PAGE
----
Kei Ohnuma, Division of Clinical Immunology, Advanced Clinical Research Centre, Institute of Medical Science, University of Tokyo, 4-6-1, Shirokanedai, Minato-ku, Tokyo 108-8639, Japan. E-mail: email@example.com
Factors influencing the outcome for 39 children with haematological malignancy who were subjected to a cord blood transplantation (CBT) from genotypically HLA-mismatched unrelated donors were analysed. This retrospective study included 21 children with acute lymphoblastic leukaemia, 15 with acute myelogenous leukaemia and one each with chronic myelogenous leukaemia, refractory anaemia with myelodysplastic syndrome (MDS) and juvenile myelomonocytic leukaemia (JMML). Those subjected to CBT during the first or second complete remission (CR) and MDS without blasts were assigned to the standard-risk (SR) group (n = 16). Patients in third or subsequent remission, relapse or partial remission with refractory leukaemia at the time of CBT were considered to be in advanced phase, and placed in the high-risk (HR) group (n = 11). JMML and the second CR after a relapse (n = 8), or bone marrow failure after a rejection (n = 3), following haematopoietic stem cell transplantation (HSCT) in the first CR were included in the high-risk group. Kaplan–Meier estimates for neutrophil and platelet recovery were 83·7 ± 12·2 at d 60 and 55·4 ± 16·6% at d 100 respectively. The incidence of grades II–VI acute graft-versus-host disease was 58·5 ± 16·8%. The Kaplan–Meier estimate for 3-year event-free survival (EFS) was 49·2 ± 16·6. From multivariate analysis, the most important factor influencing EFS was disease status at CBT: SR patients had a 3-year EFS of 75·0 ± 21·6%, compared with 29·6 ± 20·6% for those with HR disease (P = 0·013, RR 4·746, 95% CI 1·382–16·298). These data confirm that HLA-mismatched, unrelated CBT is a feasible procedure to cure a significant proportion of children with leukaemia, especially if conducted in a favourable phase of the disease.
Previously published reports, neither specifically analysing the outcome of children with leukaemia nor using molecular techniques for HLA-class I typing, did not provide clinical data that could establish conclusively the safety and efficacy of CBT from genotypically HLA-mismatched unrelated donors in children with leukaemia (Rubinstein et al, 1998; Locatelli et al, 1999).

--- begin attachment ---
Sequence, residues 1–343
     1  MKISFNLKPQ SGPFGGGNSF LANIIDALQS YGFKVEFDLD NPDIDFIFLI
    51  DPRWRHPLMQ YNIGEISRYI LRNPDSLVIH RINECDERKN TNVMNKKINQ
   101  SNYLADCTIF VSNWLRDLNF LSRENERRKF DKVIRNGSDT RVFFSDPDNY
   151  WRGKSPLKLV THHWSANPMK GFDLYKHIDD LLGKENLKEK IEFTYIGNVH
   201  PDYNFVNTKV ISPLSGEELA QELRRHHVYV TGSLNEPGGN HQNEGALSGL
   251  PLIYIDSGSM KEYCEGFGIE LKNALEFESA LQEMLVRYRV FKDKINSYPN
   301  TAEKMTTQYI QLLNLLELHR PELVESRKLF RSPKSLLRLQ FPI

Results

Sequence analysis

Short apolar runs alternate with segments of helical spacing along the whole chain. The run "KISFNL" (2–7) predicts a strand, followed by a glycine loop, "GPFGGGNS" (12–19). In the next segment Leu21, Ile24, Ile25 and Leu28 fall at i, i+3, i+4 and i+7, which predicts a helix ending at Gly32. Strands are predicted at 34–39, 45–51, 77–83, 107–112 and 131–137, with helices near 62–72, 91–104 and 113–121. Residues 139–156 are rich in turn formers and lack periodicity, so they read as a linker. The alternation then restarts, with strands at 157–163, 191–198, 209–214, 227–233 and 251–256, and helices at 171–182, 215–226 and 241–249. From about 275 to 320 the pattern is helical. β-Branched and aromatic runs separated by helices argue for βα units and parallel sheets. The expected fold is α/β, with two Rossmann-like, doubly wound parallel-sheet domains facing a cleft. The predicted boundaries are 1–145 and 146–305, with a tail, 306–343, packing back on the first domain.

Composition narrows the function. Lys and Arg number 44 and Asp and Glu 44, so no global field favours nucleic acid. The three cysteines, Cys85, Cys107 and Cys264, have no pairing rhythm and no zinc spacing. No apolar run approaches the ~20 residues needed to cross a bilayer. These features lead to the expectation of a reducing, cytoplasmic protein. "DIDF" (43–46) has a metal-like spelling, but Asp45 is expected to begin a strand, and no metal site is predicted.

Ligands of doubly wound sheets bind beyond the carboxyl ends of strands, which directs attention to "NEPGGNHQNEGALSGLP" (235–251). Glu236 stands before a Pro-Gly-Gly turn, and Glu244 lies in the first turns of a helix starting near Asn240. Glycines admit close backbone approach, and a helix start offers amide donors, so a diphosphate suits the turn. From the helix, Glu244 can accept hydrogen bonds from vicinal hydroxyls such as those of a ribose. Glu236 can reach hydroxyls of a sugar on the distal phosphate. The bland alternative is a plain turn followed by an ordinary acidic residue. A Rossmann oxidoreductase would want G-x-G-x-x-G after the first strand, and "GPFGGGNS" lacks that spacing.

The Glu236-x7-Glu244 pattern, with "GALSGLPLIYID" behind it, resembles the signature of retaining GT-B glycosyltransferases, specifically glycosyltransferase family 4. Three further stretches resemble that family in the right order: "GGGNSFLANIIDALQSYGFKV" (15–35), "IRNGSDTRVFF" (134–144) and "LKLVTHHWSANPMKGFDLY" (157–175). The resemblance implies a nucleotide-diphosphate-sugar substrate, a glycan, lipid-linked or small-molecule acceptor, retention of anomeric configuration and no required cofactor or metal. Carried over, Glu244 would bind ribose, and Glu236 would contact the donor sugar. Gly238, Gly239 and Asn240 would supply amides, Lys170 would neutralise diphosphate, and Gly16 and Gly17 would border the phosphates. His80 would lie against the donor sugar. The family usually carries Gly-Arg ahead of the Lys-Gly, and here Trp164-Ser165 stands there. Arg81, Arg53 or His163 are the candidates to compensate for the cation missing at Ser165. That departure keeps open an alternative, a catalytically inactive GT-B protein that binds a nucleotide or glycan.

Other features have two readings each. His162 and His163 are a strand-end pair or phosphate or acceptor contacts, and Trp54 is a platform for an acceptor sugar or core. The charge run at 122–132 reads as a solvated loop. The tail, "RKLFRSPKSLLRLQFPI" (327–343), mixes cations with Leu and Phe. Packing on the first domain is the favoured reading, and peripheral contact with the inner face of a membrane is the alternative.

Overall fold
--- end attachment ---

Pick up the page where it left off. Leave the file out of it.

This Kanagawa Cord Blood Bank (KCBB) report describes the results obtained from 39 paediatric patients with leukaemia and myelodysplastic syndrome (MDS) who received CBT from genotypically HLA-mismatched unrelated donors. In particular, the HLA disparity and disease-related factors that have affected event-free survival, the incidence of acute GVDH, engraftment and the relapse of HLA-mismatched CBT from unrelated donors have been specifically analysed.
Patients and methods
Patients Fifty-two donor–recipient pairs underwent unrelated CBT between February 1997 and September 2000. Eligibility and donor selection have been previously described (Nishihira et al, 1998). Among these 52 patients, 41 suffered from haematological malignancy, and 39 (22 men and 17 women, median age 3·1 years, range 0·5–28·0 years and median body weight 12·5 kg, range 6·5–66·6 kg) had HLA-mismatched CBT from unrelated donors. Other patient characteristics are shown in Table I.
Table I. Demographic characteristic of 39 CBT cases.
High-resolution molecular typing for class I (A and B) and class II (DRB1).
†NCC denotes nucleated cell numbers.
TBI, total body irradiation. ATG anti-thymocyte globulin. CSA, cyclosporine A. MTX, methotexate.
Primary data and annual follow-up reports were submitted to the data centre of the KCBB by the investigators. Transplantations were performed at 20 institutes throughout Japan (see Appendix). Twenty-one patients had acute lymphoblastic leukaemia (ALL), 15 had acute myeloid leukaemia (AML) and one each had chronic myelogenous leukaemia (CML), refractory anaemia with MDS (MDS-RA), and juvenile myelomonocytic leukaemia in accelerated phase (JMML-AP). The disease status of leukaemia patients undergoing unrelated CBT are detailed in Table I. For patients with leukaemia and MDS, disease status has been reported to be the main factor influencing transplant outcome (Balduzzi et al, 1995; Casper et al, 1995; Locatelli et al, 1999; Uderzo et al, 2000), so children receiving transplants during the first or second complete remission (CR) and MDS without blasts were assigned to the standard-risk (SR) group (n = 16). Those in their third or subsequent remission, relapse or partial remission with refractory leukaemia at the time of CBT were considered to be in advanced phase and placed in the high-risk (HR) group (n = 11). JMML-AP and second CR after relapse of HSCT in first CR were included in the HR group (n = 8). Three patients who had CBT during bone marrow failure after previous HSCT were included in the HR group. The median time interval between initial diagnosis and CBT was 18·5 months (range 4·5–54·0 months).